Tuesday, May 02, 2006

DIARY OF AN EPICUREAN WEEKEND MANIAC... Anyone for 'Requiem For A Dream', 'Catch Me If You Can', and 'Along Came Polly'?

After a four-year stint with the 6-day week, I am now a self-righteous member of that delightful club where smug folks have Saturdays and Sundays stretching like long and guilty afternoons.
I wondered at you guys, all of you who started out gaily from Friday evening itself, doing what I longed to do -- nothing special. I peeped into your lives, and scenes like the following made me green with lust and envy:

Friday night
After hard week at work, exit like decorated soldier. Greasy burgers from lonely diner. One ThumsUp for the road home. A couple of long phone catch-ups with friends in various cities. In bed, you take up Zadie Smith, without any concern for the morrow.

Late morning is too early. But suddenly, hell breaks loose. Plans for matinee. Gangster? Aaargh! Are you sure? Early matinee? 2pm? Lunch? The last happens hungrily on way to theatre. Seedy dosa-den suffices. Current tickets available.

On way back, buy strange looking seasonal Kaju fruit. Smells of feni, reminds of Goa. You think siesta. There’s still strong daylight. Back home, it’s not just sleep. It’s something else, unearthly. It creeps over you, spreads like a mist. You nap. Wake up in time to avoid terrible numb headache that comes with longer naps. Perfect so far.

You’re too rested, you wanna spice things up. Go out, and down alu-paapri, phuchka, samosa-chaat. Is it divine intervention that your DVD rental is neighbour to the chaatwaala? Can’t be bothered with stray thoughts, you choose an eclectic double: Catch Me If You Can (*) and Desire Under the Elms (**).

Groceries? Dinner? Forget former. The local Chinese takeaway is the best you’ve tasted. No, they don’t make Indian Chinese. So can feel less guilty. Singaporean dinner, authentically sweet and different. Goes well with Catch Me…

Post-prandial walk – balcony version. City’s summer air is balmy late at night, you decide you’re lucky. Bout of bed-blogging. Laptop grows heavier on your person… Draft post. Doze off…


That’s it. No more eating out. Original multi-tasker, you resolve to cook. Chicken. Onion-elaichi rice. Easy way out.

Chicken do-piaaza. Free-for-all. No recipe, nor precedent. Caramelise sugar for dash and colour. Before you know it, oil is too hot and masala burnt. Salvage with industry, for a black but smashing dish that you could die for. Flavoured ghee-ed rice looks bland beside it. Lunch is good. Appreciated. And the ice-cream man timeth it perfectly.

Weekend crossword. Alternately prone and supine on cold marble of living room. Perfect time and setting for taalshash (Bengali for tropical palm-tree fruit kernel, know neither English nor Hindi for it, thaati ningu in Kannada). Cool dripping moments, taalshash water running down hands.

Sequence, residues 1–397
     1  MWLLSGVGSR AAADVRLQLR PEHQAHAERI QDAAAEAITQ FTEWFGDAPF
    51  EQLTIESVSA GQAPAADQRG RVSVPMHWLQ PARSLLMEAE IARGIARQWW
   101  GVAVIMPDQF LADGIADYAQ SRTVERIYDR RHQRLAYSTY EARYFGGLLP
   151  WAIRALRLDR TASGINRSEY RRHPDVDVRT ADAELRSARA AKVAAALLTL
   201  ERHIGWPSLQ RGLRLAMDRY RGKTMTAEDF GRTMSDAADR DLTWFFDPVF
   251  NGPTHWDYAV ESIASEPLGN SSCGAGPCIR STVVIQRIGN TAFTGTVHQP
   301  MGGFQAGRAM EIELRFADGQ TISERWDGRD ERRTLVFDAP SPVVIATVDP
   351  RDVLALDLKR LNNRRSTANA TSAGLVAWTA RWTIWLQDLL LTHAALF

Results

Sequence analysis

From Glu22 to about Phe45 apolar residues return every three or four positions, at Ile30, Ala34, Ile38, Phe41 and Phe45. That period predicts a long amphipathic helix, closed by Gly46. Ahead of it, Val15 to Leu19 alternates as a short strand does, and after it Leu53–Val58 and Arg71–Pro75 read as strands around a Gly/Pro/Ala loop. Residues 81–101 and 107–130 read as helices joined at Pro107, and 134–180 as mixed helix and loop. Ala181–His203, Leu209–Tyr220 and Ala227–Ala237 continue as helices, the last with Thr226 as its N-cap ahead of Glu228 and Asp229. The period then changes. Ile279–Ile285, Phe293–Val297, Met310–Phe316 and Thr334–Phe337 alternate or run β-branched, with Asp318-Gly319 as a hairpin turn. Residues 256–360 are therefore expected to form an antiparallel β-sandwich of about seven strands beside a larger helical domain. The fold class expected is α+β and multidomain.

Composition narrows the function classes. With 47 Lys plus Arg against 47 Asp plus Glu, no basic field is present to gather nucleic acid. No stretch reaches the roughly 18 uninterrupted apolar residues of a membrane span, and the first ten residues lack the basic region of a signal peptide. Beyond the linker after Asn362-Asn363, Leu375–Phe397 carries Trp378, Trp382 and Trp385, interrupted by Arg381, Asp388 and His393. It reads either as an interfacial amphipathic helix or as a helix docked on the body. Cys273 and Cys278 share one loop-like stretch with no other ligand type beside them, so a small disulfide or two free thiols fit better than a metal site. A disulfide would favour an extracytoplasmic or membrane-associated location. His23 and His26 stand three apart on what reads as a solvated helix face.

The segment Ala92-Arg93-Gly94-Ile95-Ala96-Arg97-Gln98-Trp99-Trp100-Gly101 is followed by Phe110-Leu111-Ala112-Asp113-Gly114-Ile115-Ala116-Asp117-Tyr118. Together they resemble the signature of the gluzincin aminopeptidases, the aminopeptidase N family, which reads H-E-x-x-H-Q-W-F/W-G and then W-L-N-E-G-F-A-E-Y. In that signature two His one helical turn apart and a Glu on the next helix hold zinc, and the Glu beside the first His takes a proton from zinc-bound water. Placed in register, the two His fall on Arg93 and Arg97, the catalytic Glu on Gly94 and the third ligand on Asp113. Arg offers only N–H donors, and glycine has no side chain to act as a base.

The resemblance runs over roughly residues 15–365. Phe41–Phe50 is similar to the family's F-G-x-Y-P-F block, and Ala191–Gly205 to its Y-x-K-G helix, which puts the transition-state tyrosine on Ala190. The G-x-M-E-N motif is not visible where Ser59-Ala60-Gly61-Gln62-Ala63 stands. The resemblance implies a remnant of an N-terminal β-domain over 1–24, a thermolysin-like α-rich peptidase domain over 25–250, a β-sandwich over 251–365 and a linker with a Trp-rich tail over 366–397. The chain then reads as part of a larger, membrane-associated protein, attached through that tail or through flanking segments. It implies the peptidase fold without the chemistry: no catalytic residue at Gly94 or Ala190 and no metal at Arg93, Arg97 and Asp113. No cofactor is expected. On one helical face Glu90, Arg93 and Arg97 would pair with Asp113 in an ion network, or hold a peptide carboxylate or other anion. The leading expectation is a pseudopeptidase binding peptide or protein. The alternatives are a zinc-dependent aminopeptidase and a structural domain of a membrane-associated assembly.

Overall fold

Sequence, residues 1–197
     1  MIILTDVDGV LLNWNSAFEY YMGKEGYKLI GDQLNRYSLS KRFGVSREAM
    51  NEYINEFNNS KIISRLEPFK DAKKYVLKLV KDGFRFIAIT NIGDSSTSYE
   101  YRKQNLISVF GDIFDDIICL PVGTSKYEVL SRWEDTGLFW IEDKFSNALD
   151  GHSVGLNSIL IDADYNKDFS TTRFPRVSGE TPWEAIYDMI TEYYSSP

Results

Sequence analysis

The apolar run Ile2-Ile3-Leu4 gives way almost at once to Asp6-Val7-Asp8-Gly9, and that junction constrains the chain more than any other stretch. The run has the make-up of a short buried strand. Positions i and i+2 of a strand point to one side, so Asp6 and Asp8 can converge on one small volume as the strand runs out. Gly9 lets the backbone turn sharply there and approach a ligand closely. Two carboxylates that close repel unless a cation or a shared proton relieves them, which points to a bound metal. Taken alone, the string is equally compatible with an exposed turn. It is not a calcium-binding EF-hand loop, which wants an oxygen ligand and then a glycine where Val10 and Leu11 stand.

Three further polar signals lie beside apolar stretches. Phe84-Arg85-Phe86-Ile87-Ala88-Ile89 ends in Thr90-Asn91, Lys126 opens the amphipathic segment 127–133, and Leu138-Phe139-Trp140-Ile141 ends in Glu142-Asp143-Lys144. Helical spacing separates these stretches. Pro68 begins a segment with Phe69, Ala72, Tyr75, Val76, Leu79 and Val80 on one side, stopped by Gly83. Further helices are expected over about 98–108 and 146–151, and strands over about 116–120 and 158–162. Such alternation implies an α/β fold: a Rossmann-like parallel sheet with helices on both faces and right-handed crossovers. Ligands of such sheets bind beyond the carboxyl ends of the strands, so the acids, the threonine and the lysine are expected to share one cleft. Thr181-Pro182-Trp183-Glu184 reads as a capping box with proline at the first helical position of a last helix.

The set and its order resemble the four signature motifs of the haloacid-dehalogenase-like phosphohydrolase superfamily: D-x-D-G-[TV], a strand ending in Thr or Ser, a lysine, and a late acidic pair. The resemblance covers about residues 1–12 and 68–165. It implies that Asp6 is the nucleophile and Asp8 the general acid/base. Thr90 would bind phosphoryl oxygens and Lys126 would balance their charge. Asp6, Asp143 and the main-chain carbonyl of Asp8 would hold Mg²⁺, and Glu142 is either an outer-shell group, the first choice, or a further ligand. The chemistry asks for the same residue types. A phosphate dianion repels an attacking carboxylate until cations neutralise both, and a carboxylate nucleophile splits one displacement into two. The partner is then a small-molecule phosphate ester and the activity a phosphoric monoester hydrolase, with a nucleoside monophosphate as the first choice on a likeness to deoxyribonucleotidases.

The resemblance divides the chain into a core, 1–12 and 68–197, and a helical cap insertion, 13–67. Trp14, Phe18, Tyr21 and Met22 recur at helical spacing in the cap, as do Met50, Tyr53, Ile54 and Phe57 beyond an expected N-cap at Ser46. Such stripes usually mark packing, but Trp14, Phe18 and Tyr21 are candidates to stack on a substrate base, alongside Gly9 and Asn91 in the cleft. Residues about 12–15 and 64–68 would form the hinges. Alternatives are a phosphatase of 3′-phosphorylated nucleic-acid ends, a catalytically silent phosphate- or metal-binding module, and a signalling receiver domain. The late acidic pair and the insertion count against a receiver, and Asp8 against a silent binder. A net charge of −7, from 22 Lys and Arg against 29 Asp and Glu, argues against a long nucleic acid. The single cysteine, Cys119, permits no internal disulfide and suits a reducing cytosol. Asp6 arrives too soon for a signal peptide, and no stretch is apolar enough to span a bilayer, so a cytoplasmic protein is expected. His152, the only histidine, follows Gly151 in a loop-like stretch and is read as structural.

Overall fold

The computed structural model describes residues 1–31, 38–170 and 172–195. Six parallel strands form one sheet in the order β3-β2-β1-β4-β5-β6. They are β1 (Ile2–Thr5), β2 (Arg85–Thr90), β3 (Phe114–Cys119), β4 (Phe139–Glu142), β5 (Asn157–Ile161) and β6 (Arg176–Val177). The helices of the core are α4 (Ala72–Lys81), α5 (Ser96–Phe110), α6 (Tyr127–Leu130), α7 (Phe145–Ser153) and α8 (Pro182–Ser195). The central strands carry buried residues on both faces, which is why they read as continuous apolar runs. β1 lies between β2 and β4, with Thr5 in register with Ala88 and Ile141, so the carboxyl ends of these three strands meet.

Evening. Suddenly remember Desire Under The Elms. Rental guy to soon collect it. Burn film on hard disk. Doorbell. Rental always sends bagful of temptations. This time, you cannot resist Requiem For A Dream (***).

Dinner? Chicken-rice leftover? Naaaah, too heavy for encore. Decide to toss up light penne, but penne stock not enough. So call old faithful for very light Japanese noodle. Requiem… too serious for noodle, so make clean sweep of the Japanese as soon as it arrives. Back to the film, then to Zadie Smith till 3 am, then call it a day.

Monday (May Day)
You suddenly remember there’s a week coming up. Decide to cook, in readiness for next two days. Order hot idlis for breakfast, and begin.

Begun shorshe (brinjal in mustard). Dimer dalna (egg curry). Masoor daal. Alu sheddo makha (mashed potato). Why does your shorshe always end up a bit bitter? But smells good, and tastes snazzy. By the time the maid strolls in, day’s labour neatly lined up on table, cooling off, awaiting demolition.

You remember there’s a TV in the house, and check if it still works. HBO. Another old faithful. Along Came Polly (****) on, serves till lunchtime. Panic for vanishing weekend. Want to top it off with repeat of Saturday’s siesta. Do exactly that.

Evening spent catching up weekend newspapers and magazines. Trace Kaavya’s downfall. Ponder on joining blogwagon on the subject, decide it’s too full. You’d read Opal Mehta in March, and now quite indignant. Hungry. Have Sunday’s chicken. Back to Kaavya. Picture yourself getting similar handsome advance for novel, but being wiser by not copying verbatim. Think of books you've “internalized” so far, lose count. Pick up never-ending Zadie Smith, till she falls flat on face zzzzzzzzzzzzzz....

It’s the lighter Steven Spielberg. And it’s wonderful entertainment. For once, Leonardo DiCaprio (Frank Abagnale Jr) looks the part, and fits easily into the whiz-kid-conman persona (mistrusted him in The Aviator and Gangs of New York). Brilliant depiction of deadpan FBI agent Carl Hanratty (bank fraud dept) by Tom Hanks, who makes it his mission to catch the conman and put an end to his forged cheques.
Great true story, with interesting twists, elaborate brainwaves, the right amount of compassion (the latter even from the FBI man).
Grey character of Frank Sr played well by Christopher Walken.